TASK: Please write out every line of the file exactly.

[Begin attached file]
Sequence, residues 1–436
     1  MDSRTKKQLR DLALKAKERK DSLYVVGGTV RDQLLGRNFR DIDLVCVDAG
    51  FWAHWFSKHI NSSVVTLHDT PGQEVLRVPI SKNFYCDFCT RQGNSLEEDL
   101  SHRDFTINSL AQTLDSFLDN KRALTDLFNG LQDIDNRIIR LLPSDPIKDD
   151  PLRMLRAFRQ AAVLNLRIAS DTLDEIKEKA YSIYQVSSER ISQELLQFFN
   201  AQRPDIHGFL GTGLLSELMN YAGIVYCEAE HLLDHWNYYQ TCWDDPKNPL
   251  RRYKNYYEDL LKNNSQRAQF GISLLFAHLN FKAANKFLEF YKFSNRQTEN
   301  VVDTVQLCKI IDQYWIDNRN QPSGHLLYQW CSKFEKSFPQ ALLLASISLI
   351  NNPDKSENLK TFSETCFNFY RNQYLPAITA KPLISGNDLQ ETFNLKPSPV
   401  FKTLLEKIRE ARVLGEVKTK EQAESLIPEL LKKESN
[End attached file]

Sequence, residues 1–436
     1  MDSRTKKQLR DLALKAKERK DSLYVVGGTV RDQLLGRNFR DIDLVCVDAG
    51  FWAHWFSKHI NSSVVTLHDT PGQEVLRVPI SKNFYCDFCT RQGNSLEEDL
   101  SHRDFTINSL AQTLDSFLDN KRALTDLFNG LQDIDNRIIR LLPSDPIKDD
   151  PLRMLRAFRQ AAVLNLRIAS DTLDEIKEKA YSIYQVSSER ISQELLQFFN
   201  AQRPDIHGFL GTGLLSELMN YAGIVYCEAE HLLDHWNYYQ TCWDDPKNPL
   251  RRYKNYYEDL LKNNSQRAQF GISLLFAHLN FKAANKFLEF YKFSNRQTEN
   301  VVDTVQLCKI IDQYWIDNRN QPSGHLLYQW CSKFEKSFPQ ALLLASISLI
   351  NNPDKSENLK TFSETCFNFY RNQYLPAITA KPLISGNDLQ ETFNLKPSPV
   401  FKTLLEKIRE ARVLGEVKTK EQAESLIPEL LKKESN